LEARN THESE TERMS

Follow along with this infographic captures the basic concepts of tagging/untagging/pvids with 802.1q vlans & how it operates to frames traveling thru these switches (more of this is explained above)

kb-vlans-egressingress

Caption: How 802.1q Works. View full article at: http://ram.kossboss.com/netgear-vlans/

  • Frame: When packets operate on a Layer 2 level of the OSI model they have been broken down into a Frame/Ethernet Frame.
  • 802.1q VLANS: we will be setting VLANS by putting a VLAN tag on the packets/frames – tags can be removed and added to a packet/frame (this introduced Tagging/Untagging/PVID). There is another concept of Port based VLANS which basically seperates packets/frames based on which port they arrive on, there is no packet/frame manipulation of adding or removing tags with Port based VLANS. Port Based VLANS are very limited and are not used anymore. We can achieve “Port Based” VLANS type of behavior with 802.1q – which I will show here. PCs on certain ports will be bound to a certain VLAN based on which PVID we give them
  • Tagging: Ports set to Tag VLAN #x will allow packets/frames to leave out that port if they have the VLAN #x tag on them. On the way out of the switch the tag will stay on. This is prefered if you want to send the packet to another VLAN aware device (such as a switch or a VOIP phone or a router that understands VLANs). Tag = Exit with Tag.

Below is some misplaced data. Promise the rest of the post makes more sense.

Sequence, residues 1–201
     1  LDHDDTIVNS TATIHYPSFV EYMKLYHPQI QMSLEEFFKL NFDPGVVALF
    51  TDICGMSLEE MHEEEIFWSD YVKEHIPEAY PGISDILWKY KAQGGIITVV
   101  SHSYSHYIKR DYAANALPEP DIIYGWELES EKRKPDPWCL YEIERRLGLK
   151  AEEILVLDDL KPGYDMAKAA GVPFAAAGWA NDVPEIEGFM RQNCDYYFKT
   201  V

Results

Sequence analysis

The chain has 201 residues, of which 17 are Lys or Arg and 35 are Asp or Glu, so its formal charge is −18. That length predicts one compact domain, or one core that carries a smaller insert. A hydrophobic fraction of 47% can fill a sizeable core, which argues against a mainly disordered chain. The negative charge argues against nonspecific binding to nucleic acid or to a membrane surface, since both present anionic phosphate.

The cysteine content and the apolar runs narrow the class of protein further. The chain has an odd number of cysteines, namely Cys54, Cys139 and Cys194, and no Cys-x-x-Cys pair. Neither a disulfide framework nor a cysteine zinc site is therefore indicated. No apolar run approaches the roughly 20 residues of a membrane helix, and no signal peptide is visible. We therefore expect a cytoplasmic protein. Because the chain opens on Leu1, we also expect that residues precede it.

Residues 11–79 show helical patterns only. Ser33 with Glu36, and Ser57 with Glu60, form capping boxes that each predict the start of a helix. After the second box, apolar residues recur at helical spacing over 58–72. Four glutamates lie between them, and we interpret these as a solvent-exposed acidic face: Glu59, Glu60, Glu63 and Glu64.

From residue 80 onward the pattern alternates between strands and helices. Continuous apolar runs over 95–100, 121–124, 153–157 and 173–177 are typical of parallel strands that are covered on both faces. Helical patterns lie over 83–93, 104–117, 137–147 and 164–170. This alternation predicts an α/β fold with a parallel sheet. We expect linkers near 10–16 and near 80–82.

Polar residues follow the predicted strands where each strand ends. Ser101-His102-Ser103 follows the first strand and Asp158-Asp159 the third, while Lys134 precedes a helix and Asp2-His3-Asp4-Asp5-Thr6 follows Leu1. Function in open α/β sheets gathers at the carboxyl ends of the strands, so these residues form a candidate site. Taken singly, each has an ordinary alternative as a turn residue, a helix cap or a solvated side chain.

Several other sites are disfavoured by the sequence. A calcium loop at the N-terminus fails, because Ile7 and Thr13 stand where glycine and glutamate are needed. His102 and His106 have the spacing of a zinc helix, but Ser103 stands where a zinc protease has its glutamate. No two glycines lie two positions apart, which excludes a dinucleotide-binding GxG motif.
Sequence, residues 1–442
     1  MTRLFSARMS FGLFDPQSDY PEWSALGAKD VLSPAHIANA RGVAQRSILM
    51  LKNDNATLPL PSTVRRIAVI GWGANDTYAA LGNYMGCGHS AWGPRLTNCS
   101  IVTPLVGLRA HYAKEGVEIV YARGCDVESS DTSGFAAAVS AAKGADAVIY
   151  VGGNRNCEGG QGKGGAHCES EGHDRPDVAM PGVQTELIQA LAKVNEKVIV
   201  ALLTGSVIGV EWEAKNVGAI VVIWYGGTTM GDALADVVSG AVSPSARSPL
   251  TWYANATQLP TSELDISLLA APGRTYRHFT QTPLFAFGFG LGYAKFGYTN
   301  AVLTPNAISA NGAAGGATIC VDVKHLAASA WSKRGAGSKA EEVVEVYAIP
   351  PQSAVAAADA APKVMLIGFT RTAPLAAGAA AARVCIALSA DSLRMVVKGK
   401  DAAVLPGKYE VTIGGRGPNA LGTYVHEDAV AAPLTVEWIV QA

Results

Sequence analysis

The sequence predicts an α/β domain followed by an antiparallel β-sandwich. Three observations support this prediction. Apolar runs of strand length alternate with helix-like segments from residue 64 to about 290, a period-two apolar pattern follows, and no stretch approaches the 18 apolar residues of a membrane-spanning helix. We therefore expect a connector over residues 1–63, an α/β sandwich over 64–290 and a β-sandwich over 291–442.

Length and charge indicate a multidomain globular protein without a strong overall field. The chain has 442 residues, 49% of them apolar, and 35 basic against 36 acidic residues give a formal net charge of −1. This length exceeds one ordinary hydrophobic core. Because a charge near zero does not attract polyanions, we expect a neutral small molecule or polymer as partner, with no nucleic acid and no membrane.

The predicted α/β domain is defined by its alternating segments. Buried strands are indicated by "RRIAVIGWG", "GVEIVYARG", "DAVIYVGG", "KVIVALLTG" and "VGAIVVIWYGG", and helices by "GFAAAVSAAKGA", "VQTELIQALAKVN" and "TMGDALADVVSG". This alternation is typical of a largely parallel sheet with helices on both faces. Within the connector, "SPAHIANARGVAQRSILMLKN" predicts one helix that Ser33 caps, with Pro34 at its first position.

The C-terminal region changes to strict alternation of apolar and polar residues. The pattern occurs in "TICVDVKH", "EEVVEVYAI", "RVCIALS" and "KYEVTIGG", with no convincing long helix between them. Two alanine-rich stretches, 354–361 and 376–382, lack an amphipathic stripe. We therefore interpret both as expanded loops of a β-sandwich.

• Untagging: Ports set to UnTag VLAN #x will allow packets/frames to leave out that port if they have the VLAN #x tag on them. On the way out of the switch the tag will be stripped off. Computers and none vlan aware devices need to receive untagged packets as they dont understand VLAN tags (unless they have special interfaces that have that feature). Common ports to untag on: PCs, Routers, Gateways / Firewalls, TVs, Internet = Modem. These are not strict, there are plenty of PCs and Routers & Firewalls that support VLANs. Untag = Exit without Tag.